biweekly assignments and goal setting.


Generally, aspiring authors need
help in defining a target audience, tightening their writing, establishing a
basic market plan, and deciding whether to self-publish. Needs for guidance on
other aspects of the publishing process vary, depending partly on whether the
project is fiction or nonfiction.


Fiction writers may require help
with character and/or plot development, structure, subplots, voice, dialogue,
setting, and other elements that turn an idea into a page-turner. Nonfiction
writers look for guidance on focus or slant, subchapters, front and back
matter, research and interview suggestions, style, and tone.


Book coaches are responsible for
pointing out the hazards of rambling and scattergun writing, overuse of barely
qualified author opinion, too narrow a niche, and inadequate research.


The Coaching Process


Invariably, clients begin with
nothing beyond writing in mind. I use a brief (free) phone conversion to learn
about the book-to-be—topic, personal deadline, writing experience, and
more. A phone call reveals far more about clients’ passion and energy levels
than email, and allows them to check you out as well.


Then, drawing on information
gleaned during the call, I provide an “Initial Project Analysis Packet,”
tailored for each client, to introduce them to the book-business mindset. The
packet includes a list of questions designed to help me understand the writer’s
level of professionalism and to help the writer understand that professionalism
is now required.


My questions include:


·      Why do you want to write this

·      What are your qualifications for
writing it?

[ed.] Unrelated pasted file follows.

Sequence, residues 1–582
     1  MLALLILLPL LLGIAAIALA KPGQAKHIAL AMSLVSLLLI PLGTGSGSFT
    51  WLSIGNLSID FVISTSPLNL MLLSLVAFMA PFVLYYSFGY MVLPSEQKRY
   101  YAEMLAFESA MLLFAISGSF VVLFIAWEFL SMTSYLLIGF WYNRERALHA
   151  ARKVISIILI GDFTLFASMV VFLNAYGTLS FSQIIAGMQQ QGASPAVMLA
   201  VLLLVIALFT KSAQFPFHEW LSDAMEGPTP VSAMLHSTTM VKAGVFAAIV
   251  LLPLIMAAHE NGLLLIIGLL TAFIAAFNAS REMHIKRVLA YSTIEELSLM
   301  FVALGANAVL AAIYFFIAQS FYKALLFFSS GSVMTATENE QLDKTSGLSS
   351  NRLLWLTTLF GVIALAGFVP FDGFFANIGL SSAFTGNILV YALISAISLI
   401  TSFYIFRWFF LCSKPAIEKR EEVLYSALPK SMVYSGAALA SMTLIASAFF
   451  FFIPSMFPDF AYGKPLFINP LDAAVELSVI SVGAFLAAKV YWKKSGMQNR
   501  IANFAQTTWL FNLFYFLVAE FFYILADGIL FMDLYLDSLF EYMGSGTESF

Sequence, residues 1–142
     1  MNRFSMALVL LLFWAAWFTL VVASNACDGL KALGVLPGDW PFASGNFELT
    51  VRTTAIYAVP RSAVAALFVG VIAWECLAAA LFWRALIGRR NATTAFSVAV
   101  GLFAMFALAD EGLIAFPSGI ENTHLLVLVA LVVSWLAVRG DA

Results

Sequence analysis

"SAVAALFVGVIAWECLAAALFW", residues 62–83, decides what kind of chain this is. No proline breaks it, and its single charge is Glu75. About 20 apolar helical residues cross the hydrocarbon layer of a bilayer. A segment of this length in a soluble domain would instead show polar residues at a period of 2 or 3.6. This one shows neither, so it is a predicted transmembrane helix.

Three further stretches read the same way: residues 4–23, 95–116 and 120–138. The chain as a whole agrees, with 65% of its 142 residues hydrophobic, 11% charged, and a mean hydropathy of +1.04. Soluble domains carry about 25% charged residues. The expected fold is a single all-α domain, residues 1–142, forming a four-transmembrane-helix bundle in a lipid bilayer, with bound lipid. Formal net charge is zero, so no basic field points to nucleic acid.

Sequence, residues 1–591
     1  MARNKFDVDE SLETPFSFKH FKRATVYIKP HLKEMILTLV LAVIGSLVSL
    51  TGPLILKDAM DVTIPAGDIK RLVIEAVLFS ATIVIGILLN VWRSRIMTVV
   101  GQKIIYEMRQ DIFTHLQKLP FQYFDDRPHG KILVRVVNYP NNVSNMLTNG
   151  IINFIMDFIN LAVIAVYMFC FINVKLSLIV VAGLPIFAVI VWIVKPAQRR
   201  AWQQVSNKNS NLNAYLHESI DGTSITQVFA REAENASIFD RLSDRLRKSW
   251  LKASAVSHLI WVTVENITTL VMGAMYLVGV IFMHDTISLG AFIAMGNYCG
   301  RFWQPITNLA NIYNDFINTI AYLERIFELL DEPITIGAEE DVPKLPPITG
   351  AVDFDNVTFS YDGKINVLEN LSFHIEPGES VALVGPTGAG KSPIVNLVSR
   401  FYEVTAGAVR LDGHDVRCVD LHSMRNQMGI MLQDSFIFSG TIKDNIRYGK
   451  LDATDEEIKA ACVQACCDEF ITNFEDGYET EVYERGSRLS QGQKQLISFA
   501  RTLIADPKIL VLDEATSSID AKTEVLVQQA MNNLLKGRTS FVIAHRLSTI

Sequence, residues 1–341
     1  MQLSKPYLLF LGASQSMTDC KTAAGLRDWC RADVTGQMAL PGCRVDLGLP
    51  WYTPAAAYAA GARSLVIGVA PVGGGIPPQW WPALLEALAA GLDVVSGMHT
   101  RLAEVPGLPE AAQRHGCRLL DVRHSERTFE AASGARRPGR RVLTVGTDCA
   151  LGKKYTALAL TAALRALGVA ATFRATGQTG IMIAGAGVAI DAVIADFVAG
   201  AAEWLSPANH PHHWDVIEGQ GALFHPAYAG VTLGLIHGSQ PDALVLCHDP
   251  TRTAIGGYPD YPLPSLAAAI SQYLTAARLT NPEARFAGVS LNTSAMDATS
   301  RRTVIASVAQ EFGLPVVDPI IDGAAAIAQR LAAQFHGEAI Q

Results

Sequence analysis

·      Where and how do you plan to sell
your book?

·      What is your personal deadline for
completion of the published book?

·      What spin-offs—such as CD,
audiotape, workbook, or speaking engagements—do you envision developing
based on your book?

·      Who will buy your book?

·      Who will read your book?


The packet may also include a
weekly achievement chart divided in terms of number of pages or hours; a
brainstorming sheet for establishing chapter topics for nonfiction or a
chapter-by-chapter plot outline for fiction; a list of potential interviewees
and other resources; and a recommended reading list, beginning with Dan
Poynter’s Self-Publishing
and John Kremer’s <span
style=’font-size:11.0pt’>1001 Ways to Market Your Books


For telephone coaching sessions, I
email the packet to the client a few days before our Initial Project Analysis
phone conversation. During that session, we go over the questions and discuss
the book project. For in-person sessions, I simply take the packet along, with
an extra copy. It’s wise to plan for some get-acquainted time, but return to